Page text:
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Hue, S. et al. A direct role for NKG2D/MICA interaction in villous atrophy during celiac disease. Immunity 21, 367-377

Equipe Avenir INSERM, Hôpital Necker-Enfants Malades, 75015 Paris, France.
Immunity (Impact Factor: 19.75). 10/2004; 21(3):367-77. DOI: 10.1016/j.immuni.2004.06.018
Source: PubMed

ABSTRACT MICA molecules interact with the NKG2D-activating receptor on human NK and CD8 T cells. We investigated the participation of the MICA/NKG2D pathway in the destruction of intestinal epithelium by intraepithelial T lymphocytes (IEL) in Celiac disease and its premalignant complication, refractory sprue. We show that MICA is strongly expressed at epithelial cell surface in patients with active disease and is induced by gliadin or its p31-49 derived peptide upon in vitro challenge, an effect relayed by IL-15. This triggers direct activation and costimulation of IEL through engagement of NKG2D, leading to an innate-like cytotoxicity toward epithelial targets and enhanced TCR-dependent CD8 T cell-mediated adaptive response. Villous atrophy in Celiac disease might thus be ascribed to an IEL-mediated damage to enterocytes involving NKG2D/MICA interaction after gliadin-induced expression of MICA on gut epithelium. This supports a key role for MIC/NKG2D in the activation of intraepithelial immunity in response to danger.

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    • "Soluble MIC concentrations were measured in the plasma using a sandwich enzymelinked immunoabsorbent assay as previously described [37]. The detection threshold of recombinant soluble MICA protein , used as standard in each experiment, was 0.1 ng/mL and plasma levels higher than 0.3 ng/mL were considered as positive. "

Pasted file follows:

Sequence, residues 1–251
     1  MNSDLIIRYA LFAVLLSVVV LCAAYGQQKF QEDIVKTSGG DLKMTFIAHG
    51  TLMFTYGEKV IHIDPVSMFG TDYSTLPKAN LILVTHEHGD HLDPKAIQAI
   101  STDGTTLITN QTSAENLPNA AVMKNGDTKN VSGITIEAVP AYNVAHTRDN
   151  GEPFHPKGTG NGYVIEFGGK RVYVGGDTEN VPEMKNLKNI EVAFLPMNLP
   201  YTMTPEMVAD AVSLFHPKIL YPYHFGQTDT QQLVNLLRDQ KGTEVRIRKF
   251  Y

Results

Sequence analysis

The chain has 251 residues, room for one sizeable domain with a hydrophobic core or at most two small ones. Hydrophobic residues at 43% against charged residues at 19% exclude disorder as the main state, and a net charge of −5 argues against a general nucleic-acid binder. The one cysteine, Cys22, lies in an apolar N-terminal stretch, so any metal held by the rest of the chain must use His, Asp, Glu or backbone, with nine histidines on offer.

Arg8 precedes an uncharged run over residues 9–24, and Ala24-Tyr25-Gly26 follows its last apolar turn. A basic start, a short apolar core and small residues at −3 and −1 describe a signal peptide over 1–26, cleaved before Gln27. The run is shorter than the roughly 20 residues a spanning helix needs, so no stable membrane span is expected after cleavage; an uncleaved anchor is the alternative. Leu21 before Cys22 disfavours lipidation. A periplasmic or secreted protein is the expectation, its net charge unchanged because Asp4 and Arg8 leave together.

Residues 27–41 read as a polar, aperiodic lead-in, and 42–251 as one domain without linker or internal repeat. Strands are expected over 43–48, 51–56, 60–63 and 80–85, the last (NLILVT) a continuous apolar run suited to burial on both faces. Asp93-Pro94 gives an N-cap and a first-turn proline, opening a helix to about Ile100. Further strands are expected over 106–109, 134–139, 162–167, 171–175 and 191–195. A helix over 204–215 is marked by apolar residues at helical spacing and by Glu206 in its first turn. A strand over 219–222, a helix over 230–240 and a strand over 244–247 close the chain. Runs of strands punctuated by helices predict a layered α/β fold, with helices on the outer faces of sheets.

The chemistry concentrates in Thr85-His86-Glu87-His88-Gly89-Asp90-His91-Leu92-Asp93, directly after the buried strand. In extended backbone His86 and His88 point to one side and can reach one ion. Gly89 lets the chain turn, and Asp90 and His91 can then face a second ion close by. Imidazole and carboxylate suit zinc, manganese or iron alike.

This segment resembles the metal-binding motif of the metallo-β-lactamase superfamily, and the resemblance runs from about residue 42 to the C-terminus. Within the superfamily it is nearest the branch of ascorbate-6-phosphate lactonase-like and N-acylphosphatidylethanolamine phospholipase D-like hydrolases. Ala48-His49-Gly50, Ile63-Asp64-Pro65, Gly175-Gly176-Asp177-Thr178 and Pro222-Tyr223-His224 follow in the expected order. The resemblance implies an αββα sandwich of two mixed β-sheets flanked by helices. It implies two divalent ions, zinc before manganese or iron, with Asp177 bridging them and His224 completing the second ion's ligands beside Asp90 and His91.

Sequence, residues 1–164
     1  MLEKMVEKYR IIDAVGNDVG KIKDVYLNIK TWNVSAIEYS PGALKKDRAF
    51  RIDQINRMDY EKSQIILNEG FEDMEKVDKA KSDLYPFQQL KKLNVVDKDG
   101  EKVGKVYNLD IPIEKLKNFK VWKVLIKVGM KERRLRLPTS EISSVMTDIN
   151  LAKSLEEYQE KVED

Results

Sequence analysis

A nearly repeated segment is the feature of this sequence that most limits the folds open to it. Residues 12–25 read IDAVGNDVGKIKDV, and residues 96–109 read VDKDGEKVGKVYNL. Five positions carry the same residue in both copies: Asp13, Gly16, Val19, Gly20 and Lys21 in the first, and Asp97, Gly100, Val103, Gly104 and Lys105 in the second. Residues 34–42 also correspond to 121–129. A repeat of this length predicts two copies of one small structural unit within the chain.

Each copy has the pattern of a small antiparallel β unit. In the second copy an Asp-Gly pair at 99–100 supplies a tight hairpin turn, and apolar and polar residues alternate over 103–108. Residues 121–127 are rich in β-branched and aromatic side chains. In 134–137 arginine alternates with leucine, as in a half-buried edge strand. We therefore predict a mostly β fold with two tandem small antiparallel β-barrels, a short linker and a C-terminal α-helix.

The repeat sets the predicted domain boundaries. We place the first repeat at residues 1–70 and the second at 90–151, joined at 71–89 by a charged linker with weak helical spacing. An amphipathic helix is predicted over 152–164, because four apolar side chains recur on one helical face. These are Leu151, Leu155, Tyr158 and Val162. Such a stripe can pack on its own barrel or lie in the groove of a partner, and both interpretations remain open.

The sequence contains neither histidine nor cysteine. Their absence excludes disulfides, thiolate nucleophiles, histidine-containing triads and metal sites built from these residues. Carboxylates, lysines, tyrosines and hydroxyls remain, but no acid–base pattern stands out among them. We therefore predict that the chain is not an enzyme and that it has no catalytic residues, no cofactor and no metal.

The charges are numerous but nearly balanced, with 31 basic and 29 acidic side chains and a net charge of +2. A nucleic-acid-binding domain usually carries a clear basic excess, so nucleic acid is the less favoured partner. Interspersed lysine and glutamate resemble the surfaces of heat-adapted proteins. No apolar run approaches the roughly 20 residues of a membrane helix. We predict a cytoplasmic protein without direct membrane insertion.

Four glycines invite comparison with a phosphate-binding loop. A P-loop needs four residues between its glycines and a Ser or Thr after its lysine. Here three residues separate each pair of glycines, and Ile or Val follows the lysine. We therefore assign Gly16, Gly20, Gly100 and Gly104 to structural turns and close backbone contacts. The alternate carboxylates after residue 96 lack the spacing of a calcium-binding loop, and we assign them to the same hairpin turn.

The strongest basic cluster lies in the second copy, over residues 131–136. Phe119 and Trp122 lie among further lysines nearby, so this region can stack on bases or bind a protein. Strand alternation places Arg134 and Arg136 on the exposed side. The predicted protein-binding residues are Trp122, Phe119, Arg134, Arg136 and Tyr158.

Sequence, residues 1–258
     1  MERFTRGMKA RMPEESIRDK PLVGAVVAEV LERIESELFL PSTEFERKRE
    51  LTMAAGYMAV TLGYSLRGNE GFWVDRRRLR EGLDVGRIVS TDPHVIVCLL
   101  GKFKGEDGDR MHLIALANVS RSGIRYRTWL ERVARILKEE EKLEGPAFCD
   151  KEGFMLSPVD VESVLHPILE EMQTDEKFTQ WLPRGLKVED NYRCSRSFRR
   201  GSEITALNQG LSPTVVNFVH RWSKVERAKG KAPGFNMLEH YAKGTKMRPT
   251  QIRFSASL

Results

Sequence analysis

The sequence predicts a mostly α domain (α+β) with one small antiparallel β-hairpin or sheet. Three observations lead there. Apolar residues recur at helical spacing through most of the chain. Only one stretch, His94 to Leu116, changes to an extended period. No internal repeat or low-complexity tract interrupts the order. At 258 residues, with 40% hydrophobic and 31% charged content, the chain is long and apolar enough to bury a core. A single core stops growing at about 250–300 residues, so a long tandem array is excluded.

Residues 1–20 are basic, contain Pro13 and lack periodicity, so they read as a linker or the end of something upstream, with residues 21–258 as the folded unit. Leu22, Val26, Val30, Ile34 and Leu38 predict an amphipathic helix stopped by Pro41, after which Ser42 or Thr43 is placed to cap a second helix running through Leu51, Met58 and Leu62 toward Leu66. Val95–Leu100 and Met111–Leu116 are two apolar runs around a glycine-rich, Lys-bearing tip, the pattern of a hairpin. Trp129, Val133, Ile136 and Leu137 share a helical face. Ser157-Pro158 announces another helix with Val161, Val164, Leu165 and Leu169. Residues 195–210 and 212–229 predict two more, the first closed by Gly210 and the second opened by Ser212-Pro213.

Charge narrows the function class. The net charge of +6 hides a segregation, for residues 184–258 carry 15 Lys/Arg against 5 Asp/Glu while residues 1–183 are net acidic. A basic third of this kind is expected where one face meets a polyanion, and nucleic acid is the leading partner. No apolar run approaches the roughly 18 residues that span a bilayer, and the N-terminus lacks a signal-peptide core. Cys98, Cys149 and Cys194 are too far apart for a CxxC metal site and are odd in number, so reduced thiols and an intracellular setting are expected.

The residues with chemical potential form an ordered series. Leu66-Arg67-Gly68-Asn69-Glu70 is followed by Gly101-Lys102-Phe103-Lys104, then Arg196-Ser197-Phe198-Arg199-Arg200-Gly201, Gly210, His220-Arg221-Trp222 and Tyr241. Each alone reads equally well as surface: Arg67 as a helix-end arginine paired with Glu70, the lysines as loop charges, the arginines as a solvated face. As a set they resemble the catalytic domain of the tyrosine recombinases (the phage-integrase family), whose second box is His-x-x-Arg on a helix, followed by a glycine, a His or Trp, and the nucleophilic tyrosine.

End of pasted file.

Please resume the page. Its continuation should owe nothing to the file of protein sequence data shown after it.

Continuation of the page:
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    • "T cells (Molberg et al. 1998; van de Wal et al. 1998a, b; Vader et al. 2002; Arentz- Hansen et al. 2000, 2002; Tollefsen et al. 2006; Camarca et al. 2009). It has also been shown that innate immune response to gliadin peptides from Pro/Gln poor regions of gliadin can lead to epithelial cell death (Maiuri et al. 2003; Meresse et al. 2004; Hue et al. 2004). Gliadin-derived peptides are thus capable of inducing adverse immune reactions in genetically susceptible individuals. "
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    • "The interaction of NK receptors with their ligands leads to the death of intestinal epithelial cells and releases IFN-γ and cytolytic proteins (perforin, granzymes, etc.), resulting in observable tissue damage. IL-15 has been shown to upregulate both CD94/NKG2C and NKG2D NK receptors in IELs of active patients, boosting their ability to lyse enterocytes [15] [24]. "
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